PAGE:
On January 5, 2012 I went searching for a well-digger. That day I met a man who not only would help me dig a well, but also would reinforce my purest feelings of respect and appreciation for the Cuban campesino. Plainly and without hesitating he told me: “My blood, it’s as good as done, tomorrow morning I’ll be at the farm to get started.” The next day I celebrated my birthday digging the well with Juan Machado. It was a strenuous day of work, and at the end, after advancing less than a meter, we had reached solid rock.

We dug the well by hand with picks, sticks, sledgehammers, crowbars…and a lot of will. We tried to get a drilling machine, but the operator backed out, arguing that the area was too rocky and the equipment could break. We also tried to arrange for a jackhammer, but we couldn’t find one and even so, it would have required a long hydraulic hose because by that point we had advanced further. We even considered using explosives, but those could make cracks that would keep us from continuing and there was also the risk of collapse.
Machadito, as all of us call him, never doubted that we would achieve our goal by hand and that we would find enough water. And I trusted him. The work was truly hard and the conditions were precarious; however, for him nothing is impossible. I did have reservations, and on occasion thought of quitting. Sometimes I felt frustrated and exhausted, but he arrived each morning with a contagious optimism.

The neighbors also arrived. Machadito left for his house telling everyone that he was digging the most difficult well of his life…and people came to see it. That’s how I met many people and was able to speak to them about our goals and dreams. One doubter said that he would drink all the water that the well could give and others guaranteed that the project was pure folly, that in those hills of rock we would never find water.
Various people helped us dig, some contributed more than others, but in one way or another all of them gave up. Getting them to follow through with a long-term commitment was more difficult than the task itself. Maybe it’s utopian to expect people to expose themselves to the risk of failure and the sacrifice that a collective dream requires.

These were tense moments. For one, we had the extreme work in the well, while at the same time we needed to begin the fencing and start producing something that would provide us with income. The demands of each day kept us from resting. We had few resources, financing was scarce, but even so we continued forward. In seven months we had dug 14 meters in the rock, and we reached water!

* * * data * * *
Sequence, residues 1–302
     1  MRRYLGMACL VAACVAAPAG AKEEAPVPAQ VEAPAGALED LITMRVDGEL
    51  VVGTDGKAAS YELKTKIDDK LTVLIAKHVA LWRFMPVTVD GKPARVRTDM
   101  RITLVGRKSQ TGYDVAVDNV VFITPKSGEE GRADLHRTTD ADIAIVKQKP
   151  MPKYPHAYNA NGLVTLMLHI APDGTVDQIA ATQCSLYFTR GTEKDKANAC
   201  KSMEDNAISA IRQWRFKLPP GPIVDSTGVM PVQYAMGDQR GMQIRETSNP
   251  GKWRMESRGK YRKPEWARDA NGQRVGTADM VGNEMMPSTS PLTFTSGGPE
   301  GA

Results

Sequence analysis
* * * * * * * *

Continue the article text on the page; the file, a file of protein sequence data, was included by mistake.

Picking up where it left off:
While we were digging a metaphor emerged—both for ecological agriculture and for life as a whole—that showed us a variety of things:

--We are willing to put forth extraordinary effort when convinced of our goals. “We could have kept digging and arrived in China”, Machadito would tell me, but that wasn’t necessary. In the middle of the dry season we were able to pump water without draining the well dry, and it was then that we decided to stop digging.
The process is as important as the goal. For us the goal was to find water, but by breaking rock we gained much more. The well was the means to understand the social, cultural, ecological, and economic dynamic of the area. It was our connection to the land and the people. While we dug we reflected on dilemmas of life, family, animal husbandry…we spoke about agriculture, the curative properties of plants, about the weather and local natural resources. Digging the well was my training and debut as a campesino.

--The commitment to continue working for the sake of a sustainable agriculture. It was a test of love, passion, and surrender for this cause. Though it seemed like stubbornness or nonsense to have been digging by hand without a guarantee of finding sufficient water, today we see that it was worth the effort.

--The necessary connection between the old, scarce, and rough with the modern and sophisticated; between traditional agriculture and scientific knowledge, together with the application of new technologies. Shortly after digging the well we were able to install a solar powered pumping system that automated extraction and distribution of water to the whole farm.

This is the metaphor of the well. Everyday we see it at work in the farm and in our lives. If we were able to dig the well, nothing will be impossible for us. In one way or another we all need to “dig our own well” to understand better how life works.

©Fernando Funes-Monzote 2017
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$10,400 of $20,000 goal

Raised by 51 people in 22 months
Created July 22, 2017